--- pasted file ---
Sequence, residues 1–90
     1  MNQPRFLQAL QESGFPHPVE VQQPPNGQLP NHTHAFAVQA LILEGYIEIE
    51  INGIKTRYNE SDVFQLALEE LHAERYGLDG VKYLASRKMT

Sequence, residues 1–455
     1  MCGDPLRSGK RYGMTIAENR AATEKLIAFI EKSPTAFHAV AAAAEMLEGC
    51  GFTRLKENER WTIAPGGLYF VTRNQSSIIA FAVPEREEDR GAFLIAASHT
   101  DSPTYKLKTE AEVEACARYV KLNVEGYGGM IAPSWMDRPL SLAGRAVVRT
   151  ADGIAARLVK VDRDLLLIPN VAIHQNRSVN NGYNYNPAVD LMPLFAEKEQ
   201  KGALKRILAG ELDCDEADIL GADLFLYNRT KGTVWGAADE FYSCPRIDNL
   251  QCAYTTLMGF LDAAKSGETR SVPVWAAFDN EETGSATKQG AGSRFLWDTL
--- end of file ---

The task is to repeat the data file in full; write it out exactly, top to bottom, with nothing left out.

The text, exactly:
Sequence, residues 1–90
     1  MNQPRFLQAL QESGFPHPVE VQQPPNGQLP NHTHAFAVQA LILEGYIEIE
    51  INGIKTRYNE SDVFQLALEE LHAERYGLDG VKYLASRKMT

Sequence, residues 1–455
     1  MCGDPLRSGK RYGMTIAENR AATEKLIAFI EKSPTAFHAV AAAAEMLEGC
    51  GFTRLKENER WTIAPGGLYF VTRNQSSIIA FAVPEREEDR GAFLIAASHT
   101  DSPTYKLKTE AEVEACARYV KLNVEGYGGM IAPSWMDRPL SLAGRAVVRT
   151  ADGIAARLVK VDRDLLLIPN VAIHQNRSVN NGYNYNPAVD LMPLFAEKEQ
   201  KGALKRILAG ELDCDEADIL GADLFLYNRT KGTVWGAADE FYSCPRIDNL
   251  QCAYTTLMGF LDAAKSGETR SVPVWAAFDN EETGSATKQG AGSRFLWDTL